Our complaints are about the normalization of mental disorders and identity politics, which stems from ideology. And all this time, more challenging subjects are obscured, like Islamic terrorism and the history of the Armenian Holocaust during World War One. Quit trying to imply we're against famous creations like WW and BP too, because this is foremost about psychology and ideology, not about the female sex and race.

How come she won't provide any screencap examples, if it's such a big deal? In any case, most people have learned that constructive criticism, which she obviously doesn't accept, can make a good case against SJW propaganda like this, courtesy of cynics who adopt specific ideologies to get privileges and separate themselves from the rest of society.

Since I mentioned the TV show, there's some terrible news involving that as well. Namely, one of its cast members, Chris Vance, was accused of spousal abuse:
Chris Vance's ex-wife fears for her life and for the safety of her child after a recent incident where the actor threatened to kill her in front of their 4-year-old son.

According to court documents obtained by The Blast, Vance’s ex, Moon Dailly, was granted a temporary restraining order last week following an incident last month.

Dailly claims that on February 28, she received a FaceTime call from Vance while her and her son, William, were at someone else’s house for a kids playdate. She says she was excited that Vance — who played Non on season 1 of “Supergirl” — was calling because she claims that Vance had not seen their son since January 13.

But the call took and ominous turn right away, Dailly claims, when Vance immediately began questioning William about where he was and who he was with. She says Vance chided him for not speaking up loudly enough before eventually telling William, “I don’t know when I’m going to see you, we’ll have to wait until your mom gets her f**king shit together.”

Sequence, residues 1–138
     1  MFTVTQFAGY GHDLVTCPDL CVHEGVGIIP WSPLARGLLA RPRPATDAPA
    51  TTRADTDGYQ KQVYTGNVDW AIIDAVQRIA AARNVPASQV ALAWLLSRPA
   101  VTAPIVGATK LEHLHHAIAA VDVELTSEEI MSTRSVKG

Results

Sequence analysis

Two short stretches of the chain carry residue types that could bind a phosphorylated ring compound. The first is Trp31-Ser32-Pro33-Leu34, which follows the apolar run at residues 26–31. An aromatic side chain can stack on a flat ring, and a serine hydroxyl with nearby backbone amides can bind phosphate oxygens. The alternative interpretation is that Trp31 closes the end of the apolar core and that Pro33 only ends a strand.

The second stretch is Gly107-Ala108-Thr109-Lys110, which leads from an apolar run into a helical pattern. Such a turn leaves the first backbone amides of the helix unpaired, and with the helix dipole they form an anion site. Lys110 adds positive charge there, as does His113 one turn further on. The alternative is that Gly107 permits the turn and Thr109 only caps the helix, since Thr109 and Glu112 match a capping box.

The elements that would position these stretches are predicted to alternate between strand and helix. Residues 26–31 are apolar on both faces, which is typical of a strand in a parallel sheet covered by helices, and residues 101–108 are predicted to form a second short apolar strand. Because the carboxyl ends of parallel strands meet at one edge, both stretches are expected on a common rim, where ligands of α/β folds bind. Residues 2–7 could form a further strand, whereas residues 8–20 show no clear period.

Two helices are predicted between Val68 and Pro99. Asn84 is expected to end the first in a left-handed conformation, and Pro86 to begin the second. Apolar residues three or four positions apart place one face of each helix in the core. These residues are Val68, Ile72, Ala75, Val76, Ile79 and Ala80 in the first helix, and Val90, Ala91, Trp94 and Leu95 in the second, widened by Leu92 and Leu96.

As if it wasn't bad enough co-producer Andrew Kreisberg was accused of sexual harassment/assault, now one of the cast members is apparently a tyrant. Does anybody even watch the cruddy series anymore? So far, I'm not sure if it's being renewed, and if it gets cancelled, I couldn't care less, because the Maid of Might deserves far better than all this crap shoved into both her solo comics and the TV show. Even before these recent messes, when Eddie Berganza was editing some of these books in the mid-2000s, Supergirl's book was dreadful, relying on too many guest roles by other superheroes, overly sexualized artwork primarily on the covers centered on her skirt that made it look like it was going to blow upwards or fall off (and I'm noting this as somebody who firmly maintains a sex-positive position), and a curious lack of a secret identity like what she first had in the Silver/Bronze Age as student Linda Lee (later becoming the foster daughter of the Danvers family serving as her custodians). Berganza may be gone following his own sexual harrassment scandal, but the awful abuse of Kara Zor-El's titles continues all the same.

The only thing the issue has going for it is the variant cover, though as I've argued at times, commissioning so many variant covers is wasting a lot of money at a time when prices are high (the issue is apparently 4 dollars too, another reason to give pause to buying it). But that alone is not reason to buy it when you can always save a JPG from the web and use it for a desktop picture. A terrible shame such a marvelous drawing by Artgerm is wasted on this blatant leftist propaganda. It's drawn in far better taste than some of the covers and such on the mid-2000s when Jeph Loeb rebooted the Kryptonian Supergirl, and it otherwise led nowhere. IMO, the return of Kara Zor-El as the Maid of Might has not been successful, and has practically been ruined for all sorts of leftism that eventually came careening down the pike as the editors' politics came more to the fore. This issue, along with the TV show, are a colossal injustice to Al Plastino and Otto Binder's creation.

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About me

  • I'm Avi Green
  • From Jerusalem, Israel
  • I was born in Pennsylvania in 1974, and moved to Israel in 1983. I also enjoyed reading a lot of comics when I was young, the first being Fantastic Four. I maintain a strong belief in the public's right to knowledge and accuracy in facts. I like to think of myself as a conservative-style version of Clark Kent. I don't expect to be perfect at the job, but I do my best.